In any case, I think anyone will be surprised at the ending whether or not they are familiar with Regencies, because there are so many romances in all genres where the hero looks like a villain and then changes his apparent character in the last chapter, so few where the villain looks like a hero and the hero looks like a gay best friend. That’s such a cool thing to do! And all in such exquisite taste.


Jo Walton is a science fiction and fantasy writer. She’s published two poetry collections and nine novels, most recently Among Others, and if you liked this post you will like it. She reads a lot, and blogs about it here regularly. She comes from Wales but lives in Montreal where the food and books are more varied.

28 comments
Kate Nepveu
1. katenepveu
Somehow I did not actually know that about the title. How silly of me.

I have the vague idea that when I read the book, I took the petticoat line as a negative (lack-of) statement ("I find women and societal expectations regarding heterosexual romance baffling") rather than a positive ("I am attracted to men not women"). But I think that I already knew the spoiler and am sadly used to (and not immune from, though I am working on it) bisexual invisibility.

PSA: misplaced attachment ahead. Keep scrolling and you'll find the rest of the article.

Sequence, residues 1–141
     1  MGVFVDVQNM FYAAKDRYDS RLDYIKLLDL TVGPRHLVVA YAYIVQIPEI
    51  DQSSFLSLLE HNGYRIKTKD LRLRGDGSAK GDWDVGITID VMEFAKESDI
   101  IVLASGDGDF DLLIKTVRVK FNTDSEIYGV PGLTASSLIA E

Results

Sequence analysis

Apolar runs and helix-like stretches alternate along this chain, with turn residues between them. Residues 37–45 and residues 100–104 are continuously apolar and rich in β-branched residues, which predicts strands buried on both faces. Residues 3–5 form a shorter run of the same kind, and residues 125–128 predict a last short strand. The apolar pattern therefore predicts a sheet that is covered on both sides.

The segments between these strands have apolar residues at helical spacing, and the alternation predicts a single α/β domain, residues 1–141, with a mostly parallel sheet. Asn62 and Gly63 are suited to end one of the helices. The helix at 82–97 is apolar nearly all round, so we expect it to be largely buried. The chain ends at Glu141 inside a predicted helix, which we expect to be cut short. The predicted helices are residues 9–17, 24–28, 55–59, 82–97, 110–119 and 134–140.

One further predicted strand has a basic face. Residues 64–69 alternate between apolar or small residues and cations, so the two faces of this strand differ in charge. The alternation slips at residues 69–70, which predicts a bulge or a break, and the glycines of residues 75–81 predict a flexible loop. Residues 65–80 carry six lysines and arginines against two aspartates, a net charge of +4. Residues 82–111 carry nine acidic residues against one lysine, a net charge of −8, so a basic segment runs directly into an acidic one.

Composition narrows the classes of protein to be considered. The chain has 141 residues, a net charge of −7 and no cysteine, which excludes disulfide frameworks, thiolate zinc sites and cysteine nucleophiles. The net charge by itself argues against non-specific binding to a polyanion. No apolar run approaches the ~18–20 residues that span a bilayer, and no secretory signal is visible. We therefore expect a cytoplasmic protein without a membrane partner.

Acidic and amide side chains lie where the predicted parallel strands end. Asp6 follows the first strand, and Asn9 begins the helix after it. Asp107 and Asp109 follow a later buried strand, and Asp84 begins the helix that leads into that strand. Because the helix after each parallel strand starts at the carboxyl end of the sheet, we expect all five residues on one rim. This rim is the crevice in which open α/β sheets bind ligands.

Anyway, fun book and I like the way it's examining the idea of a suitable relationship from lots of different angles (I can only remember three of the four couples right now, but all three are unsuitable from one angle or another).
Fade Manley
2. fadeaccompli
I was delightfully surprised by the ending when I read this book, and it was the first Heyer I ever tried. Jack showed up as the obligatory hot-tempered smug handsome sporting romantic hero, and I sighed a bit at how inevitably Kitty would end up with him, and, well. We know how it went.

...sadly, this made most of the other Heyer romances I read terrible disappointments, because so often the smug, irritating, self-assured stroppy asshole is exactly who the protagonist ends up with. I would really rather get another book on Freddy And Kitty's Adventures In Marriage.